The ins and outs of Hiring a Family Law Mediator


Interested in hiring a family law mediator to help mediate your divorce, but don’t know where to start? The three most common questions we hear when parties are interested in hiring a mediator are: 1) How do we locate a mediator; 2) How much should we expect to pay for a mediator; and 3) How long does mediation normally take? This article addresses mediators utilized to help resolve your overall divorce. Separately, the courts in Southern California all offer free mediation services specifically to help resolve child custody conflicts between parents.

Locating a Mediator
There are three main types of mediators: 1) Court-appointed mediators; 2) Private mediators; and 3) Mediators available through non-profit organizations. Court-appointed mediators and mediators working for non-profit agencies can usually be located by contacting your local family law court clerk. Some family law courts offer free low-cost mediation sessions for those who cannot afford to hire a mediator on their own. However, most courts only offer this service for child custody issues. Either way, by contacting your local family law court they will be able to point you to a mediator or refer you to an agency who can, depending on your financial situation. Some courts and agencies even have a list of well-known private mediators in the community. The benefit of hiring a private mediator over a court-appointed or non-profit mediator is that your number of sessions will not be limited. You get to choose what topics to be discussed and how many sessions you want to take in order to obtain the desired result.

The average private mediator costs anywhere from $150 to $500 per hour. The hourly fee will depend upon the skill, qualifications, and expertise of the mediator you choose. Some mediators only assist with child custody, alimony issues, or dividing the families’ china while others will take on more complicated issues such as dividing retirement accounts, property, or complicated issues for high asset individuals.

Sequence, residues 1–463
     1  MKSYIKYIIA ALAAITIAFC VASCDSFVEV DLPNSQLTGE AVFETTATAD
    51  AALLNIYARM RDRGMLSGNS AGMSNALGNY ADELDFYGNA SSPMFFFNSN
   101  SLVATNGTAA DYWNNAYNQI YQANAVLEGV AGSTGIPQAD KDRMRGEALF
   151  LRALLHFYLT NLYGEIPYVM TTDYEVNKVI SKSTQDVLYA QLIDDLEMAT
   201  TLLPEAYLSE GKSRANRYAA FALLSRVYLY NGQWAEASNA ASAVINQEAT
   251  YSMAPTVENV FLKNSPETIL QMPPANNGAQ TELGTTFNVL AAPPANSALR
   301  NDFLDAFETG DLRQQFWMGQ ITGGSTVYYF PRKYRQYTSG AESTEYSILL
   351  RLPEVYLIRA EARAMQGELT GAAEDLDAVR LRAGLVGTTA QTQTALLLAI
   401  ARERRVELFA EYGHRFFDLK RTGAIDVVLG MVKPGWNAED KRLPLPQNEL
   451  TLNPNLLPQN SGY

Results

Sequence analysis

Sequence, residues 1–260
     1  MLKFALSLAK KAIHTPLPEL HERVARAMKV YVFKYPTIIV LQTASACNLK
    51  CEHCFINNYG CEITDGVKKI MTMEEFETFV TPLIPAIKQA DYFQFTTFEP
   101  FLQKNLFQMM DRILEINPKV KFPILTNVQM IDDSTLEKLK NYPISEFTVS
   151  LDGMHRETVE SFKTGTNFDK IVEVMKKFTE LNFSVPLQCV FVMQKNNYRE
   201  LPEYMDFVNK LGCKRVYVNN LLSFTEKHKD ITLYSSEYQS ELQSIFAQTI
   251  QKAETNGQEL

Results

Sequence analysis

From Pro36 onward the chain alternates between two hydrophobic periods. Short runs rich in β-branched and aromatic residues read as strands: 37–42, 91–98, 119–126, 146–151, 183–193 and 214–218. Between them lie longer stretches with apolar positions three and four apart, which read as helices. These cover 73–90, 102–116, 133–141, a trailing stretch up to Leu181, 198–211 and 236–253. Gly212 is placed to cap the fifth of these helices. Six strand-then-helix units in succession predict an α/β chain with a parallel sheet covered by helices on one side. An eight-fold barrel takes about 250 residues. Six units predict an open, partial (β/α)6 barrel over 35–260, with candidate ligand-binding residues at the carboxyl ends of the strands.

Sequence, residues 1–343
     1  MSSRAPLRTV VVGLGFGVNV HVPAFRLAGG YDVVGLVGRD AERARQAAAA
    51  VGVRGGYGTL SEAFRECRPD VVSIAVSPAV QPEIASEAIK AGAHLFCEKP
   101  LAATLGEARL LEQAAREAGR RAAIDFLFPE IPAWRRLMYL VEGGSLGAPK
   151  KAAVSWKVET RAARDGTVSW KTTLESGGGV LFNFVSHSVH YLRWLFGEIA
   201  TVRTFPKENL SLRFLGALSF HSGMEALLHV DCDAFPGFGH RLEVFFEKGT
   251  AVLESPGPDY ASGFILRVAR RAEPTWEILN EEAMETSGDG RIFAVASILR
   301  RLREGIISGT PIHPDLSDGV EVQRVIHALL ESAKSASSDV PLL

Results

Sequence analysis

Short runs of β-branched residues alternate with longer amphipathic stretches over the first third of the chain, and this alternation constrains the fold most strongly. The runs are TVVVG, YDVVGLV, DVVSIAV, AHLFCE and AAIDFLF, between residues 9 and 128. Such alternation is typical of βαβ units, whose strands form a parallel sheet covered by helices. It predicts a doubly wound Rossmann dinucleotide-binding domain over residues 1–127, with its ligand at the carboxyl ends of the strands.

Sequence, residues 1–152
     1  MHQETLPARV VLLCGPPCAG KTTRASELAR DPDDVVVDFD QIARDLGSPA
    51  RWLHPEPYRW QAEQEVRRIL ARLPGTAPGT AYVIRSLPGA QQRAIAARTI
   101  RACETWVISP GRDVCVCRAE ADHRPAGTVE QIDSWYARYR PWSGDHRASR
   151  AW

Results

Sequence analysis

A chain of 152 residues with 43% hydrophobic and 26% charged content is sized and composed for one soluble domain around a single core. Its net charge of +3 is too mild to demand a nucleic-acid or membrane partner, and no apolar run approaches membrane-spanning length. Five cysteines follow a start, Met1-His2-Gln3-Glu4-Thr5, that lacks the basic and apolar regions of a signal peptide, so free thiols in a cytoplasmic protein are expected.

Number of Sessions
The number of sessions it takes for you and your spouse to come to an agreement will also determine the price of the mediator. Some mediators charge flat fees, but they are usually accompanied by the risk that you may or may not reach an agreement by the time you have used up your allotted number of sessions. If you’re paying for your mediator by the hour, the number of sessions will be determined by how motivated you and your spouse are to settle, and how complicated the issues are that you need to mediate. For less complicated matters, you should be able to resolve your issues in as little as 1 or 2 sessions. For items of a more serious nature, 10 or more sessions is not uncommon.

Authored by IRWIN & IRWIN.

IRWIN & IRWIN Family Law is located in Fullerton and Newport Beach, California. We provide a full suite of family law services from divorce litigation, divorce mediation, child custody issues, domestic violence restraining orders and representing minors in court. “Every situation is different, and some come with very complex financial issues. Our legal team is here to support you during a very troubling time and prepare you for court, or to at least help negotiate or mediate the issues to establish an equitable legal resolution,” says Kelly Irwin, Senior Litigator at the firm.